Letters to the Editor: Was the Times too hard on a Latino icon who exaggerated his role in Flamin’ Hot Cheetos?

Bags of Flamin' Hot Cheetos
Bags of Cheetos Flamin’ Hot Cheetos at a convenience store.
(Tribune News Service / Getty Images)

To the editor: It has been reported that before your investigation of Richard Montañez’s Flamin’ Hot Cheetos origin story, the journalist who wrote it asked, “What if Montañez hadn’t told the truth?” The question was posed by someone who is not part of the culture in which this story is something of a modern legend.

Basically, The Times set out to investigate a hero in the Latino community who had no known record of causing any trouble or harm. The company where Montañez rose from entry-level employee to executive, Frito-Lay, had never spoken out against him.

I do not know Montañez. I do not believe in many of his corporate ideas, nor do I agree with the bootstrap mentality he pushes in his talks. But I know all too well how often white corporate America rips off creators of color. Sadly, you don’t have to go too far back in history to see it.


I grew up here, and I distinctly remember the Montañez story because one of my good friends, a delivery driver for Frito-Lay at the time, told it to me. This was in 1996. Latinos tend not to document things. In a country that has taken so much from us, we have learned to preserve our history the way our culture has done for centuries — through our anecdotes and stories.

There is a blind side in your reporting that comes from The Times’ failure to build an actual Latino workforce. In 2020, in a county that more than 5 million of us call home, Latinos made up only 17% of your non-manager newsroom staff.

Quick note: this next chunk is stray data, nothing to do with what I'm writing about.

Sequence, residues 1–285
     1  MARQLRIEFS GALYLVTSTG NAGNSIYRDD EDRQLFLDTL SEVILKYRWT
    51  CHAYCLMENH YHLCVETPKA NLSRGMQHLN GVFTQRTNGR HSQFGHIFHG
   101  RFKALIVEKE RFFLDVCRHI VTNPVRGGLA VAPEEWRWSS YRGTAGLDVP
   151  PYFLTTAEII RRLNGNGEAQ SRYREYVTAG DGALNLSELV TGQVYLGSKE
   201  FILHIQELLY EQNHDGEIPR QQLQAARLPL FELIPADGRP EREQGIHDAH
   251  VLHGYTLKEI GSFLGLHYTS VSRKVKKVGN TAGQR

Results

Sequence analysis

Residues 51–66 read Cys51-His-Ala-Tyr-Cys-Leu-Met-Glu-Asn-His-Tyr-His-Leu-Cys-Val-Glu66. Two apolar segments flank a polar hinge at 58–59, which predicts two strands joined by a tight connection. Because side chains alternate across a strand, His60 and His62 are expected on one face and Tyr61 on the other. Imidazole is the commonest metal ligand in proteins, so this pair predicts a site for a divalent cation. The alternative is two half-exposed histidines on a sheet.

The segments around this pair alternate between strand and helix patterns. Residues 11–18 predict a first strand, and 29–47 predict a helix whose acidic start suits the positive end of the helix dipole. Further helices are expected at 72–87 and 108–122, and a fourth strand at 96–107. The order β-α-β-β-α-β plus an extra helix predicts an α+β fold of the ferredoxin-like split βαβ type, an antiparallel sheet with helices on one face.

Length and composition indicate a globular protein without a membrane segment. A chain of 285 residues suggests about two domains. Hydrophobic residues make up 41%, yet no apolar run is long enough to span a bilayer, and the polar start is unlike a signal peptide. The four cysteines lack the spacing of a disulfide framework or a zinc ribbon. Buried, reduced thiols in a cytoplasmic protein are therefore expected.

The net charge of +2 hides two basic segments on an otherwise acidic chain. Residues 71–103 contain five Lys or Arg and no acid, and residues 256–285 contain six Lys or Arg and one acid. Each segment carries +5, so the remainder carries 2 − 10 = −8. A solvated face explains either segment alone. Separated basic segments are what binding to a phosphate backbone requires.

My dream is that one day, I will see a reflection of my culture in my local newspaper. Until more Latinos are hired, the paper will continue to misrepresent more than 5 million residents of Los Angeles County. I hope those days are over soon.

Yolanda Machado, North Hollywood

The writer is a freelance entertainment reporter whose journalism has appeared in The Times.


To the editor: I cannot for the life of me understand the hatchet job you did on Montañez concerning whether or not he actually invented Flamin’ Hot Cheetos.

With everything going on, you attack a Latino who actually did rise up the ranks, even though it may or may not have been exactly the way he said.

For God’s sakes, let the man have his story and his movie. With all the migrants piling up at our southern border, with all the children crying for their mothers, who cares if he really invented the snack?

Montañez did accomplish something, so why couldn’t you just let it be? Did pulling him down with pages of investigative journalism bring you some horrid sense of fulfillment?

Jan Richman Crosby Schulman, Oxnard


To the editor: I am so happy for former Frito-Lay executive Lynne Greenfeld and her pride in being one of the actual creators behind Flamin’ Hot Cheetos.

I invite her to come visit my third grade classroom (post-pandemic) and witness her creation in action. She will see children who think nothing of eating a whole family-size bag every day. She will witness the seeds being sown for salt addiction and take note of a wonderful example on how to jump-start a diabetes epidemic.

She can help me clean red powder gunk off all my keyboards and desks.

Christopher Damore, Fullerton